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Produced by National Arts Centre Théâtre français
© BNF Gallica
Pantalone, one of the Commedia Dell'Arte characters, print by Maurice Sand, 1862.

Theatre Genres

Comedy

Comedy has no precise definition and its boundaries are broad. Generally it is a play about ordinary people, written in a style that is amusing, or at least agreeable, and has a happy ending. Comedy was born in Athens, shortly after tragedy. At first it ridiculed the city’s celebrities, but then evolved to deal with human relations in a gently mocking, often comic manner: conflicts between parents and children, between slaves and masters. This type of comedy spread to the cities of ancient Greece, then to ancient Rome, before it disappeared when the Roman Empire collapsed. The Middle Ages saw the beginning of farce: short plays for common people with physical humour which usually revolved around one character trying to deceive another. Renaissance artists rediscovered Greek and Roman comedy, added characteristics of the farce, and created the beginnings of comedy as we know it today. Two major factors quickly influenced it for the better: first, the commedia dell’arte developed plots and defined archetypal characters; then Molière built comedy around a structured plot, emphasizing laughter (not always kindly) and, most importantly, using the characters’ psychological shortcomings as the main source of comedy.

On comedy:

  • La Comédie by P. Voltz, Armand Colin.

Tragedy

Tragedy was born in the sixth century BC, when the Athenians invented theatre. A tragedy is a play that recounts the ordeals and death of a person of high rank (a king, a great general, a mythological hero) who confronts a situation from which there is absolutely no escape, often because he or she has made some serious transgression. These situations go beyond personal suffering and often involve the fate of an entire people: for instance, unless Oedipus finds the person who murdered the king who preceded him, the gods will allow the plague to decimate the people of Thebes. The great Greek writers of tragedy, Aeschylus, Sophocles and Euripides, wrote plays that are still being produced. In England in Shakespeare’s time, and in France in the age of Corneille and Racine, playwrights adapted the concept of tragedy to their own cultures. Though very few tragedies are written today, the idea of the tragic – this feeling of foreboding when a hero has no escape and we are forced to recognize the powerlessness inherent in the human condition – still serves as a driving force for many playwrights and directors.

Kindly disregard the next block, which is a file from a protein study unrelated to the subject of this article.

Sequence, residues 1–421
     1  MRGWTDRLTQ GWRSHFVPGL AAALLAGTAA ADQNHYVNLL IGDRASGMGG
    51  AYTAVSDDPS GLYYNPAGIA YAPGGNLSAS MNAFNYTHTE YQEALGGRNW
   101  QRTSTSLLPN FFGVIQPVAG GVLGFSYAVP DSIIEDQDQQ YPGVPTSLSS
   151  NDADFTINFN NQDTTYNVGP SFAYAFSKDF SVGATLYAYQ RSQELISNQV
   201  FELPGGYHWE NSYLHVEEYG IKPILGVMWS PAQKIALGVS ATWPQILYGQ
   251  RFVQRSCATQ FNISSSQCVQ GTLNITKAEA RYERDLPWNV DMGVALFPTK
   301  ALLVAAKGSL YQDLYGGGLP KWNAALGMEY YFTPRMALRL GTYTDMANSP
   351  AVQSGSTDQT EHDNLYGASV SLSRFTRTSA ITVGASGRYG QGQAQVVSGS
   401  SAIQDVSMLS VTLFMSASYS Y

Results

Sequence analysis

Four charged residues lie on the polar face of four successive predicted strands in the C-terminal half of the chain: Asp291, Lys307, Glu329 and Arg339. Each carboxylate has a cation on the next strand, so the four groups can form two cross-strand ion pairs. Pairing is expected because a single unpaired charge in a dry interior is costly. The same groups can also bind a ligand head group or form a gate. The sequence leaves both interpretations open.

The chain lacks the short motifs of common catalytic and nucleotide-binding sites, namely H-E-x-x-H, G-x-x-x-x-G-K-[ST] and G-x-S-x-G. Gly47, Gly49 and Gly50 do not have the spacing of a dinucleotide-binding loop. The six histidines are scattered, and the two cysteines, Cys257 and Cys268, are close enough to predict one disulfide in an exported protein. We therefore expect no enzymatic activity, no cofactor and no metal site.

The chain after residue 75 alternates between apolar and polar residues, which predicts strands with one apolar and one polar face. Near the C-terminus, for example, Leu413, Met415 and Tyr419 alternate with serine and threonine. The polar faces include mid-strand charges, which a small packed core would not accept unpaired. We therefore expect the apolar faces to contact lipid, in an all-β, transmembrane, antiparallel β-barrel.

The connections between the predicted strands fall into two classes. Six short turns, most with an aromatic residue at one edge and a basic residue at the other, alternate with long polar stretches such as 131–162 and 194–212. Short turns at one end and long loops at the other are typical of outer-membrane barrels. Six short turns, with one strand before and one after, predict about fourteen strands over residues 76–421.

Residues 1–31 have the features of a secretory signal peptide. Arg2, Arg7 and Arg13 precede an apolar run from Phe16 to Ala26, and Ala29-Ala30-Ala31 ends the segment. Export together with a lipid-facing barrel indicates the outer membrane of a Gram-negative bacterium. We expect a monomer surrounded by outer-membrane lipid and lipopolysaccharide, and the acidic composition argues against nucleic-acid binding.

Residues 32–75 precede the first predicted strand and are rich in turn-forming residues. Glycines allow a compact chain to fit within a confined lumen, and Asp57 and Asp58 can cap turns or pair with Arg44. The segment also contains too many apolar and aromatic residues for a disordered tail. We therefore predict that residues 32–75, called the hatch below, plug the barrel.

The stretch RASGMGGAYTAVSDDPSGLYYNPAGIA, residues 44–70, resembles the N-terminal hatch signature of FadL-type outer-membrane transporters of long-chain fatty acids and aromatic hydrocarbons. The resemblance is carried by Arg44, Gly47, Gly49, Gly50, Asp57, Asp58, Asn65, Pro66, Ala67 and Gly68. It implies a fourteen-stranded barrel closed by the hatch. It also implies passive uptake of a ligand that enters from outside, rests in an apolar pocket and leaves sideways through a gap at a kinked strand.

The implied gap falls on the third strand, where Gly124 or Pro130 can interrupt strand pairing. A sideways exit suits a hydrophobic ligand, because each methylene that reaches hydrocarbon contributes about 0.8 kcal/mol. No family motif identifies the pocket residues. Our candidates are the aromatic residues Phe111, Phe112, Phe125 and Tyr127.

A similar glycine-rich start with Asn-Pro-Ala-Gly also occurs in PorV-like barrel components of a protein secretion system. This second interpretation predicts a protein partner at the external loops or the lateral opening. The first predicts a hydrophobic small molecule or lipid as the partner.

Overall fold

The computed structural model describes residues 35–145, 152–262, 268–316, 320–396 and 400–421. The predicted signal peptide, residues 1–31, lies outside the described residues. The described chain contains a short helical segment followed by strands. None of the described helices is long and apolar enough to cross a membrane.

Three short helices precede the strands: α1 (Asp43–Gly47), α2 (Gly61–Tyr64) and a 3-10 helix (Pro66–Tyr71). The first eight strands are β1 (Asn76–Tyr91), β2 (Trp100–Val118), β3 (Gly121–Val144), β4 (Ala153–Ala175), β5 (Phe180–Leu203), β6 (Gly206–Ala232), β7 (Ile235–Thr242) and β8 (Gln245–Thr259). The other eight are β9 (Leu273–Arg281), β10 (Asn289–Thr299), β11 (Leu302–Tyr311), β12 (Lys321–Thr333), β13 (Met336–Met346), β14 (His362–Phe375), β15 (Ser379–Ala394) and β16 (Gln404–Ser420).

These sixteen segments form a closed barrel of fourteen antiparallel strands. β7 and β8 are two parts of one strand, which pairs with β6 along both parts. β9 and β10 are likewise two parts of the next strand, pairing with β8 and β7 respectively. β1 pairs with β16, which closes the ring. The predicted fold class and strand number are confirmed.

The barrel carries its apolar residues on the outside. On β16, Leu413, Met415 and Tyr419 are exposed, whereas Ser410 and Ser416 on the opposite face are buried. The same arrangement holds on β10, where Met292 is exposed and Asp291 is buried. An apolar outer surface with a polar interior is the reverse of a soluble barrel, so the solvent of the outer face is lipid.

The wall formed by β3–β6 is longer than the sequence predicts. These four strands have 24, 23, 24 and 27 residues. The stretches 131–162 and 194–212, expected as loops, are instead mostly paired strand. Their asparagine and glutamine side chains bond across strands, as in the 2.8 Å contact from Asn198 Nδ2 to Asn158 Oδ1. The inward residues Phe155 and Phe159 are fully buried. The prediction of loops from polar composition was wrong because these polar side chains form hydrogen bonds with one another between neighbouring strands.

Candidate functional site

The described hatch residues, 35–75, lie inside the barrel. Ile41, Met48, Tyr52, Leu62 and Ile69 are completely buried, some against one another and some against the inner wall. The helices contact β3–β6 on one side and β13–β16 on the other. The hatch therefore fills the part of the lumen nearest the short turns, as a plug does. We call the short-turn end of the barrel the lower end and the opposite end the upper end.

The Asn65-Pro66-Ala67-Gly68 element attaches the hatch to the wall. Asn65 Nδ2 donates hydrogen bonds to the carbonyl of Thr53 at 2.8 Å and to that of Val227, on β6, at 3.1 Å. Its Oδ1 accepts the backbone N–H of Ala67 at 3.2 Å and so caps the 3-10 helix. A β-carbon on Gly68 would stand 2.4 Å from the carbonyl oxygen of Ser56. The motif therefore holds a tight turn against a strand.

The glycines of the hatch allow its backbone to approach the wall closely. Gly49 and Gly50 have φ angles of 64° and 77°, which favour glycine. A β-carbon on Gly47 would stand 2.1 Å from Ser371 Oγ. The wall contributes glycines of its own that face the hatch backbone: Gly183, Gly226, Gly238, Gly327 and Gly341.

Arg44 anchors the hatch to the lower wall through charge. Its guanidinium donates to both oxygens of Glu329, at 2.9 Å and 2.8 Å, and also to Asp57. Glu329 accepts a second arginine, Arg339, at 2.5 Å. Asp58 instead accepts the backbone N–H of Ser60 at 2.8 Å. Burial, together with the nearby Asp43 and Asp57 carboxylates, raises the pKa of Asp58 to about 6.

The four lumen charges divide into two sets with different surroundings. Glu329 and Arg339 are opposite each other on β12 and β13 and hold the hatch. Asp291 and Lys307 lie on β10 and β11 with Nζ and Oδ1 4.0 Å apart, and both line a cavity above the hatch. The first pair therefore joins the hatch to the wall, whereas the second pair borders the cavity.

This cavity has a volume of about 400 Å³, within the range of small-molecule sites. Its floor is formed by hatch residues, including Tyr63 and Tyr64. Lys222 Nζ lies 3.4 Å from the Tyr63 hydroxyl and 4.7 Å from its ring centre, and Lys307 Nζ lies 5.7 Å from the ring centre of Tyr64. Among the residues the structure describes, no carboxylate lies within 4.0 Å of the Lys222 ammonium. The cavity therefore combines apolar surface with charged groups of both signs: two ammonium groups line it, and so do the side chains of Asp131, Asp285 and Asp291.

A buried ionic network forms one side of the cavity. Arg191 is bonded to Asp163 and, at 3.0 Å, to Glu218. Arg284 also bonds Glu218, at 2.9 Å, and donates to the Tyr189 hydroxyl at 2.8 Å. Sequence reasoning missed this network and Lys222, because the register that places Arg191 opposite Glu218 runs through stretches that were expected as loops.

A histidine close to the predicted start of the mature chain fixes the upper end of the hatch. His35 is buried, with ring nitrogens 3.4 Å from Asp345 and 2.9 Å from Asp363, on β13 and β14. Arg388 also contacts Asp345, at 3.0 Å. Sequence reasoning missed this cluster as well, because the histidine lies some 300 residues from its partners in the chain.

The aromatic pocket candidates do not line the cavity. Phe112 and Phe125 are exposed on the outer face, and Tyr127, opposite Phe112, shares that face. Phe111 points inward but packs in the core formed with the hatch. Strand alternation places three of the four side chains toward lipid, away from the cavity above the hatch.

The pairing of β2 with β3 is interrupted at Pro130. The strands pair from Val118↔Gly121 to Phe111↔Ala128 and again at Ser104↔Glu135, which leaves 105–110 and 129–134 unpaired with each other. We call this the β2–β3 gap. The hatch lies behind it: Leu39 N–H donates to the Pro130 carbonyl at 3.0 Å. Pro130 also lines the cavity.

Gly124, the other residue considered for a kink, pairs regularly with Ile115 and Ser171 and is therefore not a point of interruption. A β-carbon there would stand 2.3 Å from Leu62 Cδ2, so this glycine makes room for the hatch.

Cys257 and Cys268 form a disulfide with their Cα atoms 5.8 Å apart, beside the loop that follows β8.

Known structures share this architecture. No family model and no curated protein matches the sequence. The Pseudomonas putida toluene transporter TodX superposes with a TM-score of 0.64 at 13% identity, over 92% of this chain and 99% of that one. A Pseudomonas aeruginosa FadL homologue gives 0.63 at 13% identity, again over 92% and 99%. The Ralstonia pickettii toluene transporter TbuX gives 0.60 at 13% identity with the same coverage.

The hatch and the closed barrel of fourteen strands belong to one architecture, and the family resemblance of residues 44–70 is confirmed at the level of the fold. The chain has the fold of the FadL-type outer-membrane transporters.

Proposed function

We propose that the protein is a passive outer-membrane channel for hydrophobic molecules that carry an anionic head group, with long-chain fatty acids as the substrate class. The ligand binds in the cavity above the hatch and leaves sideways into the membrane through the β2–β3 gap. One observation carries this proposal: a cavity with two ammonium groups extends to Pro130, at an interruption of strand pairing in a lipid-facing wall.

On tragedy:

  • Lire la tragédie by Alain Couprie, Dunod.*
© Jean-François Léger
Pier Dufour in Ilô by Louis Ayotte and Pier Dufour, shows for adults by Kobol Marionnettes, 2003.

Title: Îlo

Playwrights: Louis Ayotte and Pier Dufour

Production: Kobol Marionnettes, 2003

Director: Marcelle Hudon

Marionettes created by: Mathieu René.

Drama

Drama was born in the mid-eighteenth century and portrays the trials of ordinary people. It differs from tragedy in several respects. Its characters are not of high rank; their predicament is not inescapable; their actions will not jeopardize the future of a state or a people; and the outcome is not necessarily death. Drama portrays characters whose desires come into conflict with powerful forces like the past and social conventions (Ibsen), the psyche (Strindberg) or a society’s economic, social, and political fabric (Bertholt Brecht). Since Samuel Beckett, traditional drama has lost popularity as contemporary theatre places less emphasis on the plot.

On drama:

  • Théorie du drame moderne by Pierre Szondi, L’Âge d’homme.

Theatre takes different forms, some of which are independent disciplines.